Davies Ndumiso Sibanda
MANY chief executives destroy the value addition role of the Works Council in the workplace due to ignorance of how to get this critical unit to add value.
It is common to find all managers who sit at Works Council being people who have not been trained in management of the Works Council. They do not know the law that guides the formation of a Works Council, they do not know the powers of the Works Council and are also ignorant of the roles of parties at Works Council.
I have met many chief executives who wrongly think a Works Council is a forum to demonstrate their power over workers. They hate the workers committee and all members of the workers committee to an extent that they victimise members of this crucial body.
In many cases, not only is the chief executive hostile to workers committee members but heads of department also dislike them and supervisors are under strict instructions to get rid of all workers leaders in their departments at the slightest opportunity.
Workers who sit in the workers committee are threatened with dismissal and told to separate what they were hired to do and their workers committee work. Members of the workers committee are denied merit salary increases and promotion and when they query, they are told to focus on what they were hired to do. It is the duty of the board of directors to lay the law for the chief executive on importance of the Works
Council to the organisation if it is to meet its goals. The board should clearly put good labour relations as one of the key performance goals of the chief executive and spell out the consequences of bad human capital management.
Post Marikana incident, the new thinking is that those who occupy chief executive positions should have a good grasp of labour relations and human capital management in general including key aspects of labour law. In short, this means that the chief executive should have the capacity to drive the workers through the Works Council to add value to the business.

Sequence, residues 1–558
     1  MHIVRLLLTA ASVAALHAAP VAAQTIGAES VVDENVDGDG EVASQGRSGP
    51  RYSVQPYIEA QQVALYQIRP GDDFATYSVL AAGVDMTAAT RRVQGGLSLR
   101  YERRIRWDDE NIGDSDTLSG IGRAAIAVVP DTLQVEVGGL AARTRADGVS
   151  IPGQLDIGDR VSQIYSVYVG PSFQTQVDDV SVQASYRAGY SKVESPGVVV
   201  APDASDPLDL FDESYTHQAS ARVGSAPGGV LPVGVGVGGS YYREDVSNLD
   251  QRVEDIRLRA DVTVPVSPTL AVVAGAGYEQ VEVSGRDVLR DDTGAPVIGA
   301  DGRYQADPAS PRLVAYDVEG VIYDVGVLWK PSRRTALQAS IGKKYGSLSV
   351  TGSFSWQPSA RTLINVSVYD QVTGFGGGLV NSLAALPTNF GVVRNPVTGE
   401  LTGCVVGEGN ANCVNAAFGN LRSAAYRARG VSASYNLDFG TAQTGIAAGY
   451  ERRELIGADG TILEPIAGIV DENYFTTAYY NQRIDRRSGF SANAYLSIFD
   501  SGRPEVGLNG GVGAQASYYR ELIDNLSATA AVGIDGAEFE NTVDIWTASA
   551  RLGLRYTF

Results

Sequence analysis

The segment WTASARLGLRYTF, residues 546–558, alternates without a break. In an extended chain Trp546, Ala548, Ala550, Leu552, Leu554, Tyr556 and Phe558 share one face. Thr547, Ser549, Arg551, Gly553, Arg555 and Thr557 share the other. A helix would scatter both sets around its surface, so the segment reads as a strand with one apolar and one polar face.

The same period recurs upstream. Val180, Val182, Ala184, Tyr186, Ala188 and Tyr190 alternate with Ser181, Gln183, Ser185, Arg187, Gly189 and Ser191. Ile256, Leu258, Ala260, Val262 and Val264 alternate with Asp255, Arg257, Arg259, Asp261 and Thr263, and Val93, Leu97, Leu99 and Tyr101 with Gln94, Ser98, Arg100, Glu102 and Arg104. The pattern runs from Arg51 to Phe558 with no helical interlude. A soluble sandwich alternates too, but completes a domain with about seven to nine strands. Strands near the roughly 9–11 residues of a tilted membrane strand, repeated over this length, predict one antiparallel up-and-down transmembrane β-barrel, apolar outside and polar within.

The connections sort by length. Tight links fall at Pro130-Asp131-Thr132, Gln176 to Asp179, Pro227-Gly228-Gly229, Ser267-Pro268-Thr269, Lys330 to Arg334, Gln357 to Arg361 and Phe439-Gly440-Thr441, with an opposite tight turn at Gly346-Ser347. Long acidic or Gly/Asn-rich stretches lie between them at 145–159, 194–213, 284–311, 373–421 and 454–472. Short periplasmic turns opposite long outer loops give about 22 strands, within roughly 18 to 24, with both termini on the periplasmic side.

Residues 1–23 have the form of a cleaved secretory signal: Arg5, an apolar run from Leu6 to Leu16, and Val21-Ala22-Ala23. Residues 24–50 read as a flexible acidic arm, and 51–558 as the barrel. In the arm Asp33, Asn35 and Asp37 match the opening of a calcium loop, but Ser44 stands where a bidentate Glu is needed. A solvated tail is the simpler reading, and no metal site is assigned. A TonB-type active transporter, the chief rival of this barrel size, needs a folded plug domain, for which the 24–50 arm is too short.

The human resources committee of boards should demand periodic briefs on the state of labour relations in the organisation and must commission independent labour relations audits and use the information to guide the chief executive and management team.
Workers committee leaders should be assured by the board of directors that they are an important part of the machinery to manage labour relations. However, the board of directors have to avoid getting involved in operational issues, which are the province of the chief executive.
There are easy indicators of bad labour relations management by the chief executive and these include frequent dismissal of employees, large number of employees with warnings, high staff turnover especially at managerial and technical levels, frequent threats of collective job action, collective job action, frequent extra-ordinary meetings with workers leaders are all signs that the chief executive does not have full control of labour relations. An increase in labour litigation costs is also a sign of labour relations problems.
Frequent loss of cases and reinstatement of dismissed employees also point at the door of the chief executive. For chief executives to be solid in labour relations management, there is a need for them to be conversant with key aspects of labour legislation and labour relations. They must have top-end skills of managing the Works Council and must be backed by a team of heads of department who are trained in key labour legislation, labour relations and Works Council procedures.
In conclusion, you can have the best machines, best tools, best work method ideas, but without the right labour relation and Works Council management skills, the organisation is unlikely to make positive vibration towards meeting organisational goals.
Davies Ndumiso Sibanda can be contacted on [email protected]